Philip R. Zimmermann is one of those Cryptographers who really had to fight it out to make a place for his product in this field. He was under the sword for three years, when the US government tried to prosecute him for trying to make his program PGP (Pretty Good Privacy), a computer encryption program, available globally. PGP, which started out as Human Rights tool to preserve the right to freedom, was published as freeware on the Net in 1991 providing public key cryptography to anyone with a computer. To start out with, PGP was a monetary venture. But Senate Bill 266, which stated it legal for the Government to read anyone's encrypted message, was about to become law, and in view of avoiding the consequences such a law would have on the end user, he made it a free product.
The Government finally dropped charges in early 1996 after which he along with Jonathan Seybold turned his project into a company, PGP Inc. which went on to be taken over by NAI (Network Associates Inc.) a year later. He worked as a Senior Fellow there for three years and in 2001, PGP was taken over by a new company, PGP Corporation, where he currently works as a consultant on cryptography-related projects. Patrick Ball from AAAS (American Association for the Advancement of Science) has even recalled that PGP was critical in protecting information during his authoring of the statistical patterns in human rights violations in Guatemala, for which he is grateful to Zimmermann.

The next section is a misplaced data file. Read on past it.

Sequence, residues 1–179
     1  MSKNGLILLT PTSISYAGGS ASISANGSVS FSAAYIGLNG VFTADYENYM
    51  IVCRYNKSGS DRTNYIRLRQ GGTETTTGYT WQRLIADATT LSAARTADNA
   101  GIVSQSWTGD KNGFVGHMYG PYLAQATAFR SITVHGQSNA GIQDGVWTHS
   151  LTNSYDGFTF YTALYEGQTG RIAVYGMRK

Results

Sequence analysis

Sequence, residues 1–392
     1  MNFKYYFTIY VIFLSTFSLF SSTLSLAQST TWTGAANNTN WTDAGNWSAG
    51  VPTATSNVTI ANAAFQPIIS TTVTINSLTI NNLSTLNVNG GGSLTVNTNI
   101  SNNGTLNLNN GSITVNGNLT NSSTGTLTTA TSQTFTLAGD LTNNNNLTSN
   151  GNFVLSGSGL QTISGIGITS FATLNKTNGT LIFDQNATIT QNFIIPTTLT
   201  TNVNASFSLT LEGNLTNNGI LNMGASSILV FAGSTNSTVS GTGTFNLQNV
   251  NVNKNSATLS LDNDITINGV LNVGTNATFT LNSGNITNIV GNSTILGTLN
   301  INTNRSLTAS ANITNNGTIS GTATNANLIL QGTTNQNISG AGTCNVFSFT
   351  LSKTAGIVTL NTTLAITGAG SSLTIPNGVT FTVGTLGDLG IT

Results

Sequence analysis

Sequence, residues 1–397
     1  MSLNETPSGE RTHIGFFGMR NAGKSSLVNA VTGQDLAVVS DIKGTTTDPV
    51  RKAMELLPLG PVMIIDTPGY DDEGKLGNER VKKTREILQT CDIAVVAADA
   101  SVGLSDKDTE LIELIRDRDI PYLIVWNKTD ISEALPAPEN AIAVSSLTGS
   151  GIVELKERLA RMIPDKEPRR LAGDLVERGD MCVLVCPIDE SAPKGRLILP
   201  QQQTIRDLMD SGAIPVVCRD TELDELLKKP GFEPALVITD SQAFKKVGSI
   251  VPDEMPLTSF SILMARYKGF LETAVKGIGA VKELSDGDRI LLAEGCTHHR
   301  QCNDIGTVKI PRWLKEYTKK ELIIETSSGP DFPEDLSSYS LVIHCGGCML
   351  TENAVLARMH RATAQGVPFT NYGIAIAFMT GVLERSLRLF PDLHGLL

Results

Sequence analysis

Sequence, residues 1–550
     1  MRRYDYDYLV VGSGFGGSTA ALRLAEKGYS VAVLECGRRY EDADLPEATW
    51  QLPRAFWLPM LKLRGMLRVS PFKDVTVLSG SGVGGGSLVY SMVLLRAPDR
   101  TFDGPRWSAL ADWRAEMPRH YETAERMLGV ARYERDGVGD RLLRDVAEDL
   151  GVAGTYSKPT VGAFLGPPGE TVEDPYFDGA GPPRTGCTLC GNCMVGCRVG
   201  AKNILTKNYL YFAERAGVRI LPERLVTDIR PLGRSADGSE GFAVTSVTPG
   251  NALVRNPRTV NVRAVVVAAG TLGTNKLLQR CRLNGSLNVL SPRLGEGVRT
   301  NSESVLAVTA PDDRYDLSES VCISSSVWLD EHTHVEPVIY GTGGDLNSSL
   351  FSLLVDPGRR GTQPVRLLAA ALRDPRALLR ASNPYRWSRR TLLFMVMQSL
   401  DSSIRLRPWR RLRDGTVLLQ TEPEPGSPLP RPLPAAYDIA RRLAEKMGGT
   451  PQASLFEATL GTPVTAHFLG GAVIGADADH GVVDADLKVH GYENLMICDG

Another one of his masterpieces was the cryptographic key agreement protocol for the Wireless USB standards. His latest project which aims at ensuring security during internet phone calls is called Zfone. He has been honored with the Chrysler Award for Innovation in Design (1995), the Norbert Wiener Award (1996) and has also been names as one of the 50 most influential people on the Net by Newsweek. PGP made the 9th spot in the '25 Most Influential and Innovative Products' as decided by eWeek in 1996. What most people don't know about Phil is that he was a peace activist who was even arrested once during a nuclear disarmament protest, and it was during one such cold war that he came up with idea of PGP.
He has been involved with several prominent institutions like the International Association of Cryptologic Research, the Association for Computing Machinery, the League for Programming Freedom and the Roundtable on Scientific Communication and National Security. He is the Chairman of the OpenPGP Alliance, and is one of the Board of Directors for Computer Professionals for Social Responsibility. He is also a key member on the Advisory Boards for Anonymizer.com, Hush Communications, Debix, and Qualys.
- Phil Zimmermann's home page
- Conversation With Phil Zimmermann, GrepLaw